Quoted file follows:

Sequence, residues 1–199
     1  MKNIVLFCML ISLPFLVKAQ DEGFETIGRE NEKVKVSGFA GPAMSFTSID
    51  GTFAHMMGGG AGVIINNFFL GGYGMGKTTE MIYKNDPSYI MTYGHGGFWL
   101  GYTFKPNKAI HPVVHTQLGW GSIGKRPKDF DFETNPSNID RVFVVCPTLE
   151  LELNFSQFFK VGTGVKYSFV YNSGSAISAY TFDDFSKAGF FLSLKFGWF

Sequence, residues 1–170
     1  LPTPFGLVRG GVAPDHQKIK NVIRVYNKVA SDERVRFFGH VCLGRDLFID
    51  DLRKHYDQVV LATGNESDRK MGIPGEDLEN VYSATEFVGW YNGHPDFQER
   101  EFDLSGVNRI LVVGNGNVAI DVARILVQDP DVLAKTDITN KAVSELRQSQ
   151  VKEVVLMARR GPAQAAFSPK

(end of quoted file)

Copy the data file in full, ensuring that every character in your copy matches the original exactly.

Sequence, residues 1–199
     1  MKNIVLFCML ISLPFLVKAQ DEGFETIGRE NEKVKVSGFA GPAMSFTSID
    51  GTFAHMMGGG AGVIINNFFL GGYGMGKTTE MIYKNDPSYI MTYGHGGFWL
   101  GYTFKPNKAI HPVVHTQLGW GSIGKRPKDF DFETNPSNID RVFVVCPTLE
   151  LELNFSQFFK VGTGVKYSFV YNSGSAISAY TFDDFSKAGF FLSLKFGWF

Sequence, residues 1–170
     1  LPTPFGLVRG GVAPDHQKIK NVIRVYNKVA SDERVRFFGH VCLGRDLFID
    51  DLRKHYDQVV LATGNESDRK MGIPGEDLEN VYSATEFVGW YNGHPDFQER
   101  EFDLSGVNRI LVVGNGNVAI DVARILVQDP DVLAKTDITN KAVSELRQSQ
   151  VKEVVLMARR GPAQAAFSPK